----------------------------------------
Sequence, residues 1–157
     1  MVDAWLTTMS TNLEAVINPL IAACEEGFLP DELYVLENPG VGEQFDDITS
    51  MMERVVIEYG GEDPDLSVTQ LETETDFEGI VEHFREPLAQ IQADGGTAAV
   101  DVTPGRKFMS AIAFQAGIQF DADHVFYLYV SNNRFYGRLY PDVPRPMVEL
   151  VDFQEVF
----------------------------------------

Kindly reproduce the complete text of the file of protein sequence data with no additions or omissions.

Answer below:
Sequence, residues 1–157
     1  MVDAWLTTMS TNLEAVINPL IAACEEGFLP DELYVLENPG VGEQFDDITS
    51  MMERVVIEYG GEDPDLSVTQ LETETDFEGI VEHFREPLAQ IQADGGTAAV
   101  DVTPGRKFMS AIAFQAGIQF DADHVFYLYV SNNRFYGRLY PDVPRPMVEL
   151  VDFQEVF